What is Project Justification in Grant Proposals?

The project justification is one of the most crucial parts of a proposal. You can use it to convince the potential donor that your project is of ultimate importance for your community and elucidate the ways in which, by developing this project, you will consistently achieve your set goals (social, economic improvement or the resolution to a specific problem).

Research the issue your project addresses in depth. Identify the causes of the problem and, if possible, list the ways in which other projects have already successfully addressed similar issues. Once you have this material, write in simple words what your project is about and what your main goal is (remember to set achievable and realistic goals for your project!).

Convice Your Donor

Project Justification is where you convince your donor about the need for funding

List the three main factors that are causing the problem you address. Let’s say your project is about training a group of 10 unemployed young people to edit documentaries: explain that local schools and university curricula do not provide such training, that the closest training centre is two hours away, and that there are no professional video-editors in your community. Explain why you think this project is ultimately important and for whom. Remember to clarify how through the development of this project your target group could consistently improve their skills, life expectations, or quality of life. For instance, find information about the employability of video-editors in your area. Look up, in job centres or adverts, existing trends in the market and make a strong case for these trained young people to increase their possibilities of finding the job they really want.

It is important to link your project with the reality of your community. Write down how you came up with the idea by recounting facts or experiences you had that drew your attention to this problem. If possible, add other voices. For instance, and referring to the example above, if you once met a young woman who wanted to become a film-maker, but had no way of learning the basics of video-editing, briefly recall her story. In this way, the donor will get a sense of the importance of your project in the community and the extent to which its development will benefit real individuals.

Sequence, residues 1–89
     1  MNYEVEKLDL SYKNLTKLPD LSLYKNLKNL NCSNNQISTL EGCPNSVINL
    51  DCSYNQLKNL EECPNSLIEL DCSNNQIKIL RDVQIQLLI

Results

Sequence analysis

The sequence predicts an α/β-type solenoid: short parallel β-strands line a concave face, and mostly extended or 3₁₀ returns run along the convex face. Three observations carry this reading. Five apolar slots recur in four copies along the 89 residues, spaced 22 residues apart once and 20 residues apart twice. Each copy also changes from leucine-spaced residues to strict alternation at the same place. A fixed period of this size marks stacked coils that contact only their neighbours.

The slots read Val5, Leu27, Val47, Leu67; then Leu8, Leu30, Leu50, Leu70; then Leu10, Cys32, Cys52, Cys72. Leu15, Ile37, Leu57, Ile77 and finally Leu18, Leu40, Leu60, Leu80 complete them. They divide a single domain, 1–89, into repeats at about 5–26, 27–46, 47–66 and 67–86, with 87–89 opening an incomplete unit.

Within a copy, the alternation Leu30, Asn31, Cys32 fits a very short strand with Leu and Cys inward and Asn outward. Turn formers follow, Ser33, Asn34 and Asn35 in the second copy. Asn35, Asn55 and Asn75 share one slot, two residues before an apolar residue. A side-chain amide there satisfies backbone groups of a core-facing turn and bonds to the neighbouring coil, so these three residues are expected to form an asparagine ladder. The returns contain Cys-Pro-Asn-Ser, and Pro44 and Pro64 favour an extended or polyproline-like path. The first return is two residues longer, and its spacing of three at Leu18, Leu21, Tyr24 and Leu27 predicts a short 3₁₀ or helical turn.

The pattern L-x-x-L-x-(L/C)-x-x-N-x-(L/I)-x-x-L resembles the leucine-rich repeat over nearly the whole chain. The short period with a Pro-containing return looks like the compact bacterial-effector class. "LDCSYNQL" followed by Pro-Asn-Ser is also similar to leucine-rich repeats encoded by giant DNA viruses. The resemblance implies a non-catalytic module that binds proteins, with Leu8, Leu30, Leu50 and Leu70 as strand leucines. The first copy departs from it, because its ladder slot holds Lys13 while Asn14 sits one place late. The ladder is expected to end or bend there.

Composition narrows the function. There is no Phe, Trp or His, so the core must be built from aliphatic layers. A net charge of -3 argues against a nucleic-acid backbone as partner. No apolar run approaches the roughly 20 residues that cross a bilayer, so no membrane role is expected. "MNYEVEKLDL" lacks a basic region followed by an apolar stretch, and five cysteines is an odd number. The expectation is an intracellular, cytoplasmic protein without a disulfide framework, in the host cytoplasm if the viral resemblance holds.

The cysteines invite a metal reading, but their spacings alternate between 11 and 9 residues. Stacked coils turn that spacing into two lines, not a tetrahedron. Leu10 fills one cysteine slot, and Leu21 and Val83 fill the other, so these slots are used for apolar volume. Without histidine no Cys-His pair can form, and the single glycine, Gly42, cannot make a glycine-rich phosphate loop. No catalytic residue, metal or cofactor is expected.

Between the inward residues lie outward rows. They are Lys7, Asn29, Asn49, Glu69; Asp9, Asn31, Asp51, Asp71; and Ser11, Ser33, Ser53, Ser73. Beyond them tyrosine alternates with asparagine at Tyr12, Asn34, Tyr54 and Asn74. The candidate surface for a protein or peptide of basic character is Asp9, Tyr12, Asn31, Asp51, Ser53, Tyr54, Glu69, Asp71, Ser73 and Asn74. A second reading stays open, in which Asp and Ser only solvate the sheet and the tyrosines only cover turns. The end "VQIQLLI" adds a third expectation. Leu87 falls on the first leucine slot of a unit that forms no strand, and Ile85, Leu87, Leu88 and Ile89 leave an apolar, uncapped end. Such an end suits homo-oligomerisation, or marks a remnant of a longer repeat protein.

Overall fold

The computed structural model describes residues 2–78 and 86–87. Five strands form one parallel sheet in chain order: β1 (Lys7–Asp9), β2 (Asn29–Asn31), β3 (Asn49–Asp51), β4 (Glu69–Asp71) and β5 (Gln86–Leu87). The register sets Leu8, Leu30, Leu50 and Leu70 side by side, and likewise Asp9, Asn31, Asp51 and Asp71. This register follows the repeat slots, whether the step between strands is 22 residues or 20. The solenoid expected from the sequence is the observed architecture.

Once you have all these parts, take your time to create a consistent and organic narrative. Start with a simple sentence summarising the main goal of the project. Add a paragraph about the reasons at the root of this problem. Briefly explain how is your project intervening to solve said problem. Draw on the success of similar initiatives to strengthen your own proposal and explain how this project will concretely benefit improve the life of members of your community by inserting life stories in your narrative. Remember that a successful proposal is written in a clear, simple, and engaging way. Accordingly, avoid repetition, rhetorical questions, and complex phrasing. Write simple sentences that make concrete points. This will convince the donor that your project is feasible and that it answers to specific needs of your community. Also, to set concrete goals will enable the donors to monitor the implementation process and evaluate the final results.

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